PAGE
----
Posted by: Sandy Steinman | September 22, 2017

Rocky Mt. National Park Fall Color 9/23/17

Afield Trails has a fall color report for Rocky Mt. National Park with predictions for the week of September 23

We highly recommend going to Rocky Mountain National Park this weekend–the color will be spectacular. And when you go, be aware of the Autumn Gold Festival in Estes Park, either to avoid crowds or join in! Described as a “Festival of Bands, Brats & Beer,” the Autumn Gold Festival will feature local musicians and a variety of food and drinks. The festival is on Saturday and Sunday, September 23 and 24, 2017.

Use the Fall River Road entrance station this weekend as an alternative to Beaver Meadows if you are looking for great fall colors. It may also be a better option to bypass crowds in Estes Park for the festival. You’ll drive past some large aspen groves on the side of Deer Mountain, which is crowned with bands of yellow. The Sheep Lakes provide a great vantage to observe the beautiful Hidden Valley hillside from afar and the changing aspens along Trail Ridge Road.

The area around Hidden Valley is pretty awesome right now. There is a large hillside covered in aspen that is in the process of changing. The Hidden Valley aspen trees bear a great variety of color as well: reds, oranges, and yellows all stand out on the hillside.

That said, Bear Lake Road is the best place to go to see the changing aspen leaves, in my opinion. The hillsides on either side of the road sport fully changed aspen groves alongside unchanged trees, which creates a lovely palette of color below towering peaks that surround the valley. The best is still yet to come on the road to Bear Lake, but as you can see in the image above it is pretty stunning already. The Glacier Gorge and Bierstadt Lakes trailheads are prime destinations if you want to see the autumn colors. The trees at each trailhead are bearing their full autumn colors, and trails originating from those points will take you through some beautiful scenery.

In the rest of the Park, most of the aspen trees above 9,000 feet (2,740 meters) have changed or are in transition. Many of the groves on the west side of the Continental Divide display their fall colors. The Colorado River and Timber Lake trailheads are great places to see some color, see the previous reports for details.

Most of the large aspen groves in Horseshoe and Moraine Parks show some color, but the leaves are still probably one to two weeks away from fully donning their fall hues. The hillsides surrounding the valleys on the east side of the Park are blotted with colors and are beautiful places to visit. A golden grove near the West Horseshoe Park pullout offers a nice photo opportunity. The same is true for the aspens near Endovalley, the Alluvial Fan, and the Lumpy Ridge/Gem Lake trailheads. In all of these places, the aspens in the valleys and low elevations are just starting to lighten, but you’ll find a good amount of color as you climb in elevation.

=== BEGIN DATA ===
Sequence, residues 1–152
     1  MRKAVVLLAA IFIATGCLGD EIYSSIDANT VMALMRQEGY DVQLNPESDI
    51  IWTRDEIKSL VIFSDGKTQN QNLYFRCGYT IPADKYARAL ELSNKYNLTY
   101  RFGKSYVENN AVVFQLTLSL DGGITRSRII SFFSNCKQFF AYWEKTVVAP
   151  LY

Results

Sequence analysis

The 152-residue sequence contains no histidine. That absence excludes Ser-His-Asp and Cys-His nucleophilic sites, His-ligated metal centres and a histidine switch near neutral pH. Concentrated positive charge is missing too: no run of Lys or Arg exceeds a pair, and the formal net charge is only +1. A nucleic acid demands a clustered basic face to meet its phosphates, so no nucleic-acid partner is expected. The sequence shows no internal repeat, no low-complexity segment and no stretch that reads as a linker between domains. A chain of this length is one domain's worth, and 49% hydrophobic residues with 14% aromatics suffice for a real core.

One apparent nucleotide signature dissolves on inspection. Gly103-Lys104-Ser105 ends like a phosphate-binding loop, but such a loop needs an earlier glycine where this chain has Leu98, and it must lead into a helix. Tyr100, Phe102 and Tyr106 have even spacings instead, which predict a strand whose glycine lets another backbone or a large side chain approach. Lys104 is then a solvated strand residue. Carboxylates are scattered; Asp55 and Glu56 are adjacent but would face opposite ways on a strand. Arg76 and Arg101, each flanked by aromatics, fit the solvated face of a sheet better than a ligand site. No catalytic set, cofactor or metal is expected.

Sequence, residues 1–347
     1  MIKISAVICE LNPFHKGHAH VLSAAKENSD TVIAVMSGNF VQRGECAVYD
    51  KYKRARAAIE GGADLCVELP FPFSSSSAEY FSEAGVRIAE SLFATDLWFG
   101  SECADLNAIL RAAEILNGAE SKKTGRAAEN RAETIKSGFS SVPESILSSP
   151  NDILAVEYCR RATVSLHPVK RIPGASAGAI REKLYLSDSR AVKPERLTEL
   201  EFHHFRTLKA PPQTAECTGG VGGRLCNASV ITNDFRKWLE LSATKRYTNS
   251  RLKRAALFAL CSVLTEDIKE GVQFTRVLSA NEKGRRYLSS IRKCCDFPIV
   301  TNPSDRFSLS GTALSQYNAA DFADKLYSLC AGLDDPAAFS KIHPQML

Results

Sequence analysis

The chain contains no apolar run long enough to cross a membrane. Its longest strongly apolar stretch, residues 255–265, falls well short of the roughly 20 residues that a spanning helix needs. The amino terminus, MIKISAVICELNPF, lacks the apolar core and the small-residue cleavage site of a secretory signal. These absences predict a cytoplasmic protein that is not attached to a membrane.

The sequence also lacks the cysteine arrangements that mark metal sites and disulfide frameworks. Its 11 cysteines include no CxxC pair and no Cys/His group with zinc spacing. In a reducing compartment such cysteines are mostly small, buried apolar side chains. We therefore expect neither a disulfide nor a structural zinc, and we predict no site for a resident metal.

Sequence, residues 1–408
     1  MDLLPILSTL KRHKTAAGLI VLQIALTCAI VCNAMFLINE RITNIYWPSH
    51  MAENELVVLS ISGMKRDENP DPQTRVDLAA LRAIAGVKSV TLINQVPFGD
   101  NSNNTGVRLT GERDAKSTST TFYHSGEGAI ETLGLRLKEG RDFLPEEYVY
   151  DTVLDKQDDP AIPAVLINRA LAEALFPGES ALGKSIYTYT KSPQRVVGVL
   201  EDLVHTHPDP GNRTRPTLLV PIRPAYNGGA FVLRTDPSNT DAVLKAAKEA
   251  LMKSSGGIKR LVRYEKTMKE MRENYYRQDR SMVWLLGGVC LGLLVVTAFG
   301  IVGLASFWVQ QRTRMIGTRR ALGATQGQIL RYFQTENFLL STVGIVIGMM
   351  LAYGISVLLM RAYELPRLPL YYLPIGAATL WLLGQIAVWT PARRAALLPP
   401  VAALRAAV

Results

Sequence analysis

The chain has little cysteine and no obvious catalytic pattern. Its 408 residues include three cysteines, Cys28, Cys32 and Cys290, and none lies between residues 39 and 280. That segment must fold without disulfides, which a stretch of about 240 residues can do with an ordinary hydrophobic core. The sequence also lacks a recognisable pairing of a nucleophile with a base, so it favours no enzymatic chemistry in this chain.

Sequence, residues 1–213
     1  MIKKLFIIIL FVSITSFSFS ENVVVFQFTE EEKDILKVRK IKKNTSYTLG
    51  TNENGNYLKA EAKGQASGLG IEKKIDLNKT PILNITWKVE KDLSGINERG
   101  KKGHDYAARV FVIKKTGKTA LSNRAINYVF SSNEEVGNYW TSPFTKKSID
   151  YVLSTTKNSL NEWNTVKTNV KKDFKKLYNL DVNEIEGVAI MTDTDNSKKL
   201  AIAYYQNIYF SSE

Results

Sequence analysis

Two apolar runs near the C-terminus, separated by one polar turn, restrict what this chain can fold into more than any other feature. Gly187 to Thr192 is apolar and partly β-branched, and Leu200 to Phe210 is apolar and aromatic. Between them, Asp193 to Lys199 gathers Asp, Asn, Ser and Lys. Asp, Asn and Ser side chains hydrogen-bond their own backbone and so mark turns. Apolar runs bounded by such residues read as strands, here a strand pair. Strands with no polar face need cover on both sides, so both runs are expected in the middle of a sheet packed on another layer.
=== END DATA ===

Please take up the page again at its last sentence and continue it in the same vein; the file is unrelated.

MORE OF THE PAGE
I really enjoyed hiking to Gem Lake and around Lumpy Ridge. The forests in that part of the Park are classic montane forests filled with ponderosa pines, Douglas-fir, and juniper, but aspen are prevalent in the understory and create scenes of layered color, with dark greens in the upper canopy and yellows and golds lurking just below.

Trail recommendations

Bierstadt Lake Trail — The trail networks originating out of the Bierstadt Lake and Storm Pass trailheads are excellent starting points for a fall hike. Not all of the trees along the trail have fully changed, but there is enough yellow and gold overhead to create some gorgeous lighting as you pass under the trees. Furthermore, the views from the steep and exposed hike are spectacular. As you hike you can see all the groves in the valley, with impressive views of Longs Peak, to boot. Because this trail is so exposed, I recommend doing it in the morning or late afternoon/evening. It is not long, but steep and sunny.

Gem Lake and Lumpy Ridge trails — Aspen groves spring up unexpectedly all along the Gem Lake Trail as you traverse through exemplary montane forests filled with ponderosa pine, Douglas-fir, and juniper. The aspen near the trailhead are just starting to change color, but brilliant colors grace the forest as you move toward Gem Lake, punctuated by a glowing stand nestled below a large rock outcropping about 1.1 miles (1.7 km) from the trailhead. The hike to Gem Lake is quite satisfying, but if you want more distance–and more aspen!–continue on to Balanced Rock. For a different flavor on your return to the car, take the Twin Owls/West Gem Lake Access Trail to the Lumpy Ridge Trail to create a short loop back to the trailhead. You will pass yellow-soaked ravines and large, just-turning aspen groves mixed among the ponderosa pines.

Bonus scenic drive recommendation: If you are coming from the Front Range, consider accessing Rocky Mountain National Park from the Grand Lake entrance. The aspens along Highway 40 leading up to Berthoud Pass west of Empire are stunning, especially on the east-facing slope of Red Mountain. The Big Bend picnic area sits at the first curve of the pass, near the Henderson Mine, and offers stunning views of a mountainside splattered with color.

Nature isn’t static. Your guidebook doesn’t have to be either.
Install our Afield Rocky Mountain National Park Android app today and experience the Park like never before.
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See photos and learn about Afield Trails app for Rocky Mt. National Park at Current Aspen Conditions, 2017 – Afield Trails

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